Ancient Greek cities were sprinkled across fertile places in the Mediterranean, each with different politics. Check some of their fuzzing and fighting on the map above. Still, all these different Ancient Greek dreamt of going to the holy places of Olympia (Olympics), Delphi and Dodona (the oracle) and the island of Delos (Apollo).



Now there are also the internationally celebrated climbing sanctuaries of Leonidio, Kyparissi, Manikia, Meteora, Kalymnos and Datça! (They're indicated in red letters.)

The island of Kalymnos (red pin on both maps above) brings different people out at sea. The island's mix of gentle and hard climbing is a siren song for British retirees, Scandinavians, Swiss, Americans, Australians, Italians,... And me.

"May to october" they all tell you. "Stable predictable weather". I missed it but whatever, I finish my job. It's friday evening, dark already, and I stride to the central station while Athens emerges as my phantasy of Berlin in the 1970's. In this waking circus people shoot by from all sides.

My train takes me a long way out of the metropolis, to the airport that will fly me to the island of Kos, where I make it to the portcity of Mastichari to take the daily ferry to portcity Pothia on the island of Kalymnos. Then I fix a scooter and drive up the Pothia valley, over a ridge, to suddenly arrive to the larger hidden Kalymnos, driving into the coastal villages Myrties and Masouri which stretch out between the coast and the rocky mountains.

South of Kos, the Agios Nikolaos church (internet pic).














What is (Ancient) Greek?

Ancient Greek cities were sprinkled all over the Mediterranean. Some were led independently by a leader of 'their own', some were led by a tyrant installed by a power elsewhere, and some had obligations to their mother city.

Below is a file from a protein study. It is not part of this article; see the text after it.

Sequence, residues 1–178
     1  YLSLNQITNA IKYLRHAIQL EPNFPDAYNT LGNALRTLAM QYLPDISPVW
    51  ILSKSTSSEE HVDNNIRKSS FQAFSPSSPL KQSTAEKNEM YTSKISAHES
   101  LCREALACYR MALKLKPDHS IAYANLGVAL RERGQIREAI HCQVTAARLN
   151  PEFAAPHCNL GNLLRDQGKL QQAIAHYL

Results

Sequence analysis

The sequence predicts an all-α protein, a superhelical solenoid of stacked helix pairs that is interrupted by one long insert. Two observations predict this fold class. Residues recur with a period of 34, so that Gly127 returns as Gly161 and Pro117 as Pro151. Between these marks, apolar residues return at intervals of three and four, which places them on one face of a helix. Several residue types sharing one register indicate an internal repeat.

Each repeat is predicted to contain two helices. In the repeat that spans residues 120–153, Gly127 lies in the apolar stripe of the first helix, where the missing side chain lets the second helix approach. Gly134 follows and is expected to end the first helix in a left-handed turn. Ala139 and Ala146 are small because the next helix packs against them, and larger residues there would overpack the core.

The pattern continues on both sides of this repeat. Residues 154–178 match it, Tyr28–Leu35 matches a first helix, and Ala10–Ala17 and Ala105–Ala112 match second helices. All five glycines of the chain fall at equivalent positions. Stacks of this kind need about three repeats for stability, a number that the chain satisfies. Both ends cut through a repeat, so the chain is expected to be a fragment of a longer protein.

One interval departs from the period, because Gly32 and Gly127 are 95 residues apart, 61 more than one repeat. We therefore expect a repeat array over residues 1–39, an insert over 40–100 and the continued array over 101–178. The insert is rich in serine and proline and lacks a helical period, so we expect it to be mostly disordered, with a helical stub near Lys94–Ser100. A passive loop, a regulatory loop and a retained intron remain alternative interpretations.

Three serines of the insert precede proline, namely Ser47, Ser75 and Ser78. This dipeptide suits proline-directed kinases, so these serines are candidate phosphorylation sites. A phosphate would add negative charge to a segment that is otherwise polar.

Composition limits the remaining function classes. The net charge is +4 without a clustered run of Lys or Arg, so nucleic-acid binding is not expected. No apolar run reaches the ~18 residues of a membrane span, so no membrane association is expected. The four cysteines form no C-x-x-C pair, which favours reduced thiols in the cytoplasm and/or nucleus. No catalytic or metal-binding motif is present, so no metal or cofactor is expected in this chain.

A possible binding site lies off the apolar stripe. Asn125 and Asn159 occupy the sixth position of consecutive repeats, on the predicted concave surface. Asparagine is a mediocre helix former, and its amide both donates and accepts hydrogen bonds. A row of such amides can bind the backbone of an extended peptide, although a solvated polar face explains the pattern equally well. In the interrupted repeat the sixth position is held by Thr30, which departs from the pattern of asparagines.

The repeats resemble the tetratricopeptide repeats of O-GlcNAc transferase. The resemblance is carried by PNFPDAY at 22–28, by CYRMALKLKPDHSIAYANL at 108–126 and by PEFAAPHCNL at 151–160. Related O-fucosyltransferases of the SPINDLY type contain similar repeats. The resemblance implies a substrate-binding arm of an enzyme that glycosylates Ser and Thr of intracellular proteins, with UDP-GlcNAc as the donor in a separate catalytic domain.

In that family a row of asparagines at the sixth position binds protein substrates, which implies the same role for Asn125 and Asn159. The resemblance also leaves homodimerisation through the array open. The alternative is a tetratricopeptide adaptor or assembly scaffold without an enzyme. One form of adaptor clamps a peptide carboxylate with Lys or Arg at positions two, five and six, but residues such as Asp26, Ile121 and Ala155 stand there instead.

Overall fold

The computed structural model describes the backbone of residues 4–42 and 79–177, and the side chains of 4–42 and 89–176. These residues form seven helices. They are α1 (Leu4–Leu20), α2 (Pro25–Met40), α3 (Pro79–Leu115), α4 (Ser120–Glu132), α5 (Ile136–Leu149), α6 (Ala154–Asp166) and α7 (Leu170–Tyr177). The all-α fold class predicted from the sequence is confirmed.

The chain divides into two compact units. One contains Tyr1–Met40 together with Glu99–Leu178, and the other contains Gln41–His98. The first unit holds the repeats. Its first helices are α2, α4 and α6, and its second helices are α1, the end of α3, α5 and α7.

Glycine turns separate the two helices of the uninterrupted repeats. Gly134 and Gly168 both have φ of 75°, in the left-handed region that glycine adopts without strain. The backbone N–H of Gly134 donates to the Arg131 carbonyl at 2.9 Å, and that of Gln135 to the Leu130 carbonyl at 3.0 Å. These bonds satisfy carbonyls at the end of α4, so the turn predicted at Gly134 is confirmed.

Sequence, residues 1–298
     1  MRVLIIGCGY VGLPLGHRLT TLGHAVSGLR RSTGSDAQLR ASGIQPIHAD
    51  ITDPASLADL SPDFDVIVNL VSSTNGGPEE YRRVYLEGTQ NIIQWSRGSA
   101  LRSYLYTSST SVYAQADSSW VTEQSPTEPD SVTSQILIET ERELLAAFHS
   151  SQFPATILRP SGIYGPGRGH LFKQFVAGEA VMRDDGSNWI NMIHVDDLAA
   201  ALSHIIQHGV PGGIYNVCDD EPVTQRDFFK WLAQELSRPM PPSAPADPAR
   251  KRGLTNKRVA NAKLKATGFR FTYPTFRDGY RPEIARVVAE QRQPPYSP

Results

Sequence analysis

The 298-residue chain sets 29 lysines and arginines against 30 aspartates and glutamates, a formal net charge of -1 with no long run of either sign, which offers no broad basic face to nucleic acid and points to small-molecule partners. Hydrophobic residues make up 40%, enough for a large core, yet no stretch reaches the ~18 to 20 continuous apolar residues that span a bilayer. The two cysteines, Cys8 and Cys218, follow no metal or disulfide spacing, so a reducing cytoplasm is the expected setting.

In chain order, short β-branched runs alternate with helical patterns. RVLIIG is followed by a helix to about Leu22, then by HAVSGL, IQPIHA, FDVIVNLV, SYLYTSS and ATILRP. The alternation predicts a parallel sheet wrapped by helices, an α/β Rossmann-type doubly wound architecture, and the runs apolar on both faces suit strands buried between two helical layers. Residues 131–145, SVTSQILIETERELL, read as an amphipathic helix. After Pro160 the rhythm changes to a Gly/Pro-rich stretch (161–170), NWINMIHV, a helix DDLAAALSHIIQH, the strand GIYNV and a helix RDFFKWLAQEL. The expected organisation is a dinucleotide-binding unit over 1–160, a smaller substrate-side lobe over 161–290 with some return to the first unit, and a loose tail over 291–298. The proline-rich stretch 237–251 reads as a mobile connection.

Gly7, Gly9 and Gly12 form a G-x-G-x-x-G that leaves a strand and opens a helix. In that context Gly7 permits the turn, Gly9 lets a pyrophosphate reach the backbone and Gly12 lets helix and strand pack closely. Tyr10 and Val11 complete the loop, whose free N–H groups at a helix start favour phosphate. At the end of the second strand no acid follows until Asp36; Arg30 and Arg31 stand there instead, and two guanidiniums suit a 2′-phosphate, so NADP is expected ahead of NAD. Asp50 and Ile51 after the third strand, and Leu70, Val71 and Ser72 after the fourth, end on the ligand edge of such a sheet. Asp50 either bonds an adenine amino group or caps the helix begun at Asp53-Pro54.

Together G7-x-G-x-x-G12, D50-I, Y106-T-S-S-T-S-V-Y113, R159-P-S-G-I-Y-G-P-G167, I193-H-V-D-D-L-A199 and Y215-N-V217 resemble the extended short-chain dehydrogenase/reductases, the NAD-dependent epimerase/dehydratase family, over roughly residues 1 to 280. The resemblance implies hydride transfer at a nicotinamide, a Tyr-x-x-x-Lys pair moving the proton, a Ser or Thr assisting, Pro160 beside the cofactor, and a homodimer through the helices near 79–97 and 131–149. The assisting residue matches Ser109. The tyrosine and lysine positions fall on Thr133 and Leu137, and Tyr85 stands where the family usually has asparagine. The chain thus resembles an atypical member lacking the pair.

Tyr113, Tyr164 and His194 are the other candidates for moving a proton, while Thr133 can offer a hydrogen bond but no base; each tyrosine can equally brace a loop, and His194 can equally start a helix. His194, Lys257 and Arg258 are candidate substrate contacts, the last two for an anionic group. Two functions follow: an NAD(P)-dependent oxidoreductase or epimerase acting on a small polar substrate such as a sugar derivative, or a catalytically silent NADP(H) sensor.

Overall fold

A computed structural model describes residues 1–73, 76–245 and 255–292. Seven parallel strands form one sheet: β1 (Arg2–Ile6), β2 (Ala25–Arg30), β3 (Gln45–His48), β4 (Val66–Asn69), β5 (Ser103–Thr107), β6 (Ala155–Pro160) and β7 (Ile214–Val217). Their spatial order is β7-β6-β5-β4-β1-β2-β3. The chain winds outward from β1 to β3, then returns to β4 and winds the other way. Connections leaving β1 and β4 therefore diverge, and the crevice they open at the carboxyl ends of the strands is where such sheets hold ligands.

• The Greek never formed a political unity.
  • Neither did they form a discrete territory.
  • Greek was a culture with its own script, language-group, myths and sanctuaries. You had the Greek world like today you have the Arab world and the Latin-writing Ancient-Greek-admiring world.
  • The Ancient Greek had nothing to do with the contemporary country of Greece (which nonetheless unsolicitedly borrowed legitimacy from the ancient peoples).
    • The country Greece was invented in 1821.
    • Later a British warship delivered Greece' first king, chosen from the European elite: Otto von Wittelsbach from Bamberg, Kingdom of Bavaria.
    • The new country was part of the emergence of the 19th-century nation-states:
      • Identity was created, propagated and resized to a large territory that had to become a monoculture. E.g. Greece' territory in reality was not monocultural: Atatürk (first leader of the Turkish nation) grew up there.
      • Monoculture identity, political-entity and the accompanying territory became all linked.
      • Legitimacy was sought in nationalist-colored history. National education primarily confirmed the nation-state.
      • In school, historical conflicts were retold as cultural conflicts. National identity was placed centrally in the narrative on conflicts and war.
      • In reality, historical conflicts were mostly fought between political entitities with mixed culture and religion, even if we're told not. How often did Catholics join Protestants to fight a rivalling power that was either Catholic or Protestant? How often did Sparta side with the Persians to screw over Athens? How did French- and Dutch-speaking fight on both sides in the Battle of the Golden Spurs, when today it is told as a war of cultures? How did the French help the Ottoman Muslims to fight Vienna in 1529?
      • Colonists brought this giga-tribal thinking also to their victim regions to divide and conquer.
      • The nation was a new way for the elite to keep authority and unity over an extended nation-state, in their ambition to be powerful like the Romans or Napoleon.


If it's true that I'm going to see so many ruins from Ancient Greek, then I better read some basics on the Aegean and the Ancient Greek ().